There’s always something to howl about

Updated information on the Anglin children

Jay Thompson has an update on the state of the Anglin children, along with a link to Aaron Anglin’s obituary in the Austin American-Statesman. Jay has set up a guest book so that you can express your condolences to the family.

The obituary includes this important information:

A trust fund has been set up for the children:
Guaranty Bank, Acct# 3805908914
Checks payable to James Johnson (grandfather)
ITF Eleanor & Mackenzie Anglin

We each of us are doing what we can, and I expect we’ve gone a long way toward covering Aaron’s burial expenses and the children’s hospital costs. But: That’s a band-aid. The real costs of raising children are huge and ever-accelerating.

I know there are big-money vendors reading this site. Your tax advisors can instruct you on what you need to do to expense a donation to a trust fund — or an annuity — as good will or whatever.

If we can put the arm on a few hundred people for a few hundred dollars each, that’s a good thing. But if someone can step up to put a few hundred dollars a month in the kitty for the next 18 or 20 years, that would be quite a bit better.

The fact is, these children are going to grow up without a father. I wish that were a rare circumstance, but it’s not. But here is a case we know about of children losing their patrimony, and a particularly brutal loss of patrimony at that.

We’re all doing what we can, but if you can do more than the rest of us, that would be a wonderful thing.

PS: Don’t be shy about emailing this post or a letter of your own to vendors with whom you have a working relationship. The secret to getting money is to ask for it.

Related posts:
  • Lani Anglin’s brother’s children lost their father yesterday. Here’s what you can do to help…
  • Blogoff Post #60: RSS for people who can’t think like Oprah . . .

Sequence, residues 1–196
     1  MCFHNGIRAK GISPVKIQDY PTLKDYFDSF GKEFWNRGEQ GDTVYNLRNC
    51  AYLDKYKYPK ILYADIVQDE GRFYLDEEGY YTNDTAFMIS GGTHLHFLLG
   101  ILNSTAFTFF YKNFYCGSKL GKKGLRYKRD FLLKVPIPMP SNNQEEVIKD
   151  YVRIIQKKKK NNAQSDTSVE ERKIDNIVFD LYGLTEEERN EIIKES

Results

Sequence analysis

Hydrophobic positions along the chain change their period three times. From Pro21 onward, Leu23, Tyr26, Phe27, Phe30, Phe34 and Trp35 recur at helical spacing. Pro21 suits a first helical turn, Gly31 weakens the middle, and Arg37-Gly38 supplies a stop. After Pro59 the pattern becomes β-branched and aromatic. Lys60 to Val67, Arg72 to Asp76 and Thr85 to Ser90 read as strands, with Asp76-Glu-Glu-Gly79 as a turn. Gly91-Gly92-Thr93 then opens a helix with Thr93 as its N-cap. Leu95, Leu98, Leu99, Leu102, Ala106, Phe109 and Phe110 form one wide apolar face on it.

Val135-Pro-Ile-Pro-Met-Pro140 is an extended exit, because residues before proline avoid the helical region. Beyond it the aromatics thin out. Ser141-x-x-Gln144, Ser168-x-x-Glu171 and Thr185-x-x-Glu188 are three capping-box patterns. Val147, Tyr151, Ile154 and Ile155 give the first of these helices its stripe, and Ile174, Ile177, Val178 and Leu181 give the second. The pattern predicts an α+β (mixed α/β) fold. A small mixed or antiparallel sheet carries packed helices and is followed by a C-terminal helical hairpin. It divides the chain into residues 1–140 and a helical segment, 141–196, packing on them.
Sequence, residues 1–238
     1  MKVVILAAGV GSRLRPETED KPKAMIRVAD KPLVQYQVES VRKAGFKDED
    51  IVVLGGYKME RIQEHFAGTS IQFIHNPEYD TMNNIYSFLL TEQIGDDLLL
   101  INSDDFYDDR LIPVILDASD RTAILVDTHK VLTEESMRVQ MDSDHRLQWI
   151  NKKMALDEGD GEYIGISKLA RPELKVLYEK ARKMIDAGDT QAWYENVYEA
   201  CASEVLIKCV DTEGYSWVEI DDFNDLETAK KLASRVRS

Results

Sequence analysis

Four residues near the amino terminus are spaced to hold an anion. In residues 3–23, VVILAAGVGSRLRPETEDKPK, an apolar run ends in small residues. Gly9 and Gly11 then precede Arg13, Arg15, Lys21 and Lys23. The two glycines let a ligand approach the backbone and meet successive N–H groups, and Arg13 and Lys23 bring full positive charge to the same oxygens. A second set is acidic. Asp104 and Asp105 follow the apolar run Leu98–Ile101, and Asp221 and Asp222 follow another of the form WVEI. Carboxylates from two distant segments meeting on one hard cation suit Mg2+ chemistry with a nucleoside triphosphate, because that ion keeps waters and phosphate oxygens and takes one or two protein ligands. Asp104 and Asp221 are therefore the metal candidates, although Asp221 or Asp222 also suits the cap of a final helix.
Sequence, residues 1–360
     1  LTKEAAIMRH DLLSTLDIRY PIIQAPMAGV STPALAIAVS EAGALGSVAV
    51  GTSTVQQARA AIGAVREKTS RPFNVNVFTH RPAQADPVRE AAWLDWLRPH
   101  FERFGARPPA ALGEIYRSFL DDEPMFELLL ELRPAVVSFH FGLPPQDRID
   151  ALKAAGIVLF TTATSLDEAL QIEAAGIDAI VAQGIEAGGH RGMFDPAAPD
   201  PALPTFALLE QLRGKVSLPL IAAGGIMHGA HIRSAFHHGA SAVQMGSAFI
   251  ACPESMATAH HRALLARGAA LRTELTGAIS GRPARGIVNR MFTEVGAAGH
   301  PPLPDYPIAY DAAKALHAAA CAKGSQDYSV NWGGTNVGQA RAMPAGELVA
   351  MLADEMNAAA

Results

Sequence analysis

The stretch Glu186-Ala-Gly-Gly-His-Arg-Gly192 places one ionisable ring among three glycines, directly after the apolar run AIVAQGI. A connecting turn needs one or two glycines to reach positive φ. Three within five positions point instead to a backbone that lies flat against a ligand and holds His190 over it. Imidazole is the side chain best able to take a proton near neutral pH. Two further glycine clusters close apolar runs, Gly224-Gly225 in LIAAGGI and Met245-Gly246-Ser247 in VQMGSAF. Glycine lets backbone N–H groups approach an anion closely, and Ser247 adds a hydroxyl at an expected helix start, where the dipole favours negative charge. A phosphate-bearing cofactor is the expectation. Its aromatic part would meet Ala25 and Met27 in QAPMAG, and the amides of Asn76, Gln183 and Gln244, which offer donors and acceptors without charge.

• Click the button one more time as an expression of Thanksgiving


    8 Comments so far

    1. Jay Thompson September 27th, 2007 10:25 am

      You sir, are a good man.

      We’ve done a lot of good, but we’ve put not much more than a band-aid on a gaping wound.

    2. Brian Brady September 27th, 2007 10:39 am

      “The secret to getting money is to ask for it.”

      Oh, yes. Vendors are one source. Your personal affiliations with charitable organizations, your worship centers, and community groups can be another.

      If they have an arm in Austin, all the better.

    3. [...] And: if you have the ability to donate a big chunk of money, here is a discussion of how you might make a huge and enduring difference in the lives of these children. [...]

    4. Valorie Bradley September 27th, 2007 10:51 am

      Thanks so much for keeping us updated regarding how we can help the Anglin family.

    5. Greg Swann September 27th, 2007 10:55 am

      > Vendors are one source. Your personal affiliations with charitable organizations, your worship centers, and community groups can be another.


      Here’s another idea, but I don’t know how to wrangle it: It would be a sweet thing if an Austin home-builder were to give these kids a home. Even four years rent free so Aleisha could improve her earning power. I think that’s worth headlines, which could make it pay for itself for the builder.

    6. Jay Thompson September 27th, 2007 11:04 am

      I lived in Austin for 20+ years and spent a semester interning for a Texas State Representative — who was also a developer. I haven’t spoken to her in years, but we got along famously and she has a huge heart. She’s no longer in the Texas House, but she certainly has connections.

      It can’t hurt to ask…

    7. [...] Jay reminds us that donations have slowed considerably since last week. Click on the donate button you’ll see here, at Jay’s place and all over the to lend a hand to a young family that will need far more than we can ever hope to get to them. And, if you have a working relationship with a big-money vendor, it can’t hurt to ask them what they can contribute. [...]

    8. [...] For the record, although Greg and I could never agree on everything, my respect for Greg is beyond that of most men.  Greg came to my family’s rescue recently as if my family was his own, and I’ve seen his compassion on many other levels since the beginning of Bloodhound.  A war on Bloodhound could not be further from the mission or aim of Agent Genius- Greg is safe with his twinkies and his spider hole really isn’t a spider hole, that’s just Greg buried under mountains of books and cords from the countless tech toys Greg owns. [...]